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OP-UNEDITED | Why Nigerians Miss Jonathan – By Charles Atega

By Charles Atega

As days run into weeks and weeks run into months, this administration makes governance looks so difficult.

To our present crop of leaders, governance is as difficult as rocket science or even nuclear physics. They can’t even accomplish the simplest tasks without a scandal or some form of national embarrassment.

An extremely humble and patriotic gentleman, Dr Goodluck Ebele Jonathan was a true democrat. As a beneficiary of a democratic process, he upheld the principles of rule of law, separation of powers and he understood the fact that he couldn’t always have his way in terms of who holds an elective position.

If there is one crucial area Nigerians are beginning to miss the administrative competence of Jonathan and his team, it is in the area of budget. This is because disagreement over figures between the executive and legislature is normal in a democracy but every nation needs a great, selfless and result-oriented  leader like  Jonathan.

Every year, Jonathan made it a matter of state policy to maintain a stable and perfect relationship with the National Assembly. So, each time the normal grey areas appeared, he proactively called a meeting between the leadership of the lawmakers and the Presidency and they ironed out their differences in a friendly and peaceful atmosphere as members of the same political party. And where and if the need arose, he called a larger meeting of all lawmakers from his party and party leaders in other to ensure that the interest of all Nigerians and concern of all stakeholders were addressed. That is why, never in the 5 years of Jonathan did we witness the kind of stalemate we are seeing today on the issue of budget.

The budget impasse and the way and manner the Presidency and the Senate are going about embarrassing themselves on the pages of newspaper only suggest one thing; that these people were only prepared for election. They are not ready for governance.

The problem we have in this country right now is that the internal contradictions within the ruling party are capable of truncating the national cause but no one seems to care.

We are approaching the 5th month of the year and there seems to be no budget in place because of this petty rivalry between two institutions which hold the key to the fate of 170 million people.

The whole drama had its foundation in the fact that the President and his people were not prepared for governance. He spent the first six months in office booting like computer. He found it difficult to put together a team to work with. How can such a leader supervise the documentation of a decent budget?

The incompetence in the administration was first brought to the fore when news broke that the budget documents were missing from the National Assembly. We even heard that agents of the President led by Ita Enang, stole the documents in order to secretly correct some obvious, embarrassing errors. Some senators also whispered to the press that the Presidency was playing a dishonest game with Nigerians on the issue of the budget. They said the figures read out to members in December last year was different from what Enang later submitted to the two chambers as proposed budget both in soft and hard copies.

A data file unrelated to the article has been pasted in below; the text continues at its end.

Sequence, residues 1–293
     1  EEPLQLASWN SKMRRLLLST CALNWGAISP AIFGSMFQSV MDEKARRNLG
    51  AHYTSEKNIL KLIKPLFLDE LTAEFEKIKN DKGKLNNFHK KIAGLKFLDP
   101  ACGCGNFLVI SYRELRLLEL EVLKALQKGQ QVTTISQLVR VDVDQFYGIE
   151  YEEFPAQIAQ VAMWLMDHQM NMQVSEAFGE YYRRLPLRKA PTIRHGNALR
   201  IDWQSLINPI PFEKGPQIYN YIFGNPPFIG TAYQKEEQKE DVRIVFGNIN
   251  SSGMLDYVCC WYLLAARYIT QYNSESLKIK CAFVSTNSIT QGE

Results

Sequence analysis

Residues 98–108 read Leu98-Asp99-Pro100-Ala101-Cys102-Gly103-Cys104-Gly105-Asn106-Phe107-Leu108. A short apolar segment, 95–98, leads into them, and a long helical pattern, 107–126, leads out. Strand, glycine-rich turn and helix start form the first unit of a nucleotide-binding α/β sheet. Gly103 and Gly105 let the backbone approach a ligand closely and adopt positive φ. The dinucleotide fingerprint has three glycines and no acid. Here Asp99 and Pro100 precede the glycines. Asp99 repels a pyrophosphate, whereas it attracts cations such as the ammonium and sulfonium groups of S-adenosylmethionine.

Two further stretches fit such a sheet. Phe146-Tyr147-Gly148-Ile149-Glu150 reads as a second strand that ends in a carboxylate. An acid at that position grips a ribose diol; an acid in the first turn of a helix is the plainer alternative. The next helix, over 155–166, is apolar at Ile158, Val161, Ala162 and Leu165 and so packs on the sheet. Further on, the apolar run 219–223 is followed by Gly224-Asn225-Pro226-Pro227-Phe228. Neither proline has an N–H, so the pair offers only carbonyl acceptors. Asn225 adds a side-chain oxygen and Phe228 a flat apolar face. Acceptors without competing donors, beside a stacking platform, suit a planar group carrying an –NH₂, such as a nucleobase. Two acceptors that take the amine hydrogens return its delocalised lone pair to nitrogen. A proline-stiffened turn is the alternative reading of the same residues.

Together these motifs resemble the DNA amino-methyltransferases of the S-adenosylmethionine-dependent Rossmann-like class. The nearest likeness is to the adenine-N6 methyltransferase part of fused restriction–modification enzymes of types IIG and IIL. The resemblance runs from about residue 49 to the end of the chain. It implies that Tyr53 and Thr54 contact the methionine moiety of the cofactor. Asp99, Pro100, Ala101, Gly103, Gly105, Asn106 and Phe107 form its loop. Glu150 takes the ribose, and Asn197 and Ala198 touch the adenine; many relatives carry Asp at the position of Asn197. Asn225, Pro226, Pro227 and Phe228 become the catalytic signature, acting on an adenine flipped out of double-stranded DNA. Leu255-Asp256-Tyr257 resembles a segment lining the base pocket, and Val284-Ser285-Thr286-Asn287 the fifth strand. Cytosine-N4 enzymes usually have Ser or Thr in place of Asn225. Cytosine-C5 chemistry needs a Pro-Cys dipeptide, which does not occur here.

One interesting part of the drama is that both the National Assembly and the Presidency never missed any opportunity to embarrass each  other in the media over this issue of budget.  In fact, the two institutions have been trying to outdo each other in the area of media propaganda. And who suffers? Nigerians.

The drama moved to the next scene when the National Assembly finally passed the budget and sent to the State House for Presidential assent. The Presidency rushed to the press again to accuse the lawmakers of playing politics with the budget procedure by sending only the draft of the passed budget instead of the details. The National Assembly fired back by accusing the Presidency of displaying ignorance of the traditional budget procedure. They actually claimed that former Presidents had signed budgets in the past without seeing the details. Enters the controversial Chief Olusegun Obasanjo who was in the State House a few days later and told journalists that during his time he never signed budgets without seeing the details.

Then the whole show of shame became a scandal when the details were finally sent to the Presidency. The Presidency shouted that it won’t sign the budget because the Lagos-Calabar rail project and other critical infrastructure projects were left out by the lawmakers. The Senators fired back again by claiming that those projects were never part of the proposal sent to them.

It’s obvious that these people have turned governance which is supposed to be a serious business to a comedy show.

The Senators are seeing Saraki’s trial as a political witch-hunt and are therefore ready to frustrate any positive move made by the executive. The executive on its part is not helping matters by its refusal to call for or lead a process for truce.

The two elephants are flexing muscles while Nigerians continue to suffer. This battle will be mutually destructive… as Nigerians continue to miss a great leader, Goodluck Ebele Jonathan.

Charles Atega, Political Writer, Delta State.

 

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Inspired by Steve Biko’s ‘I Write What I Like‘, OP-UNEDITED is the citizen opinion segment of SIGNAL. All opinions posted on the OP-UNEDITED page are unedited and the raw opinions of the writers.

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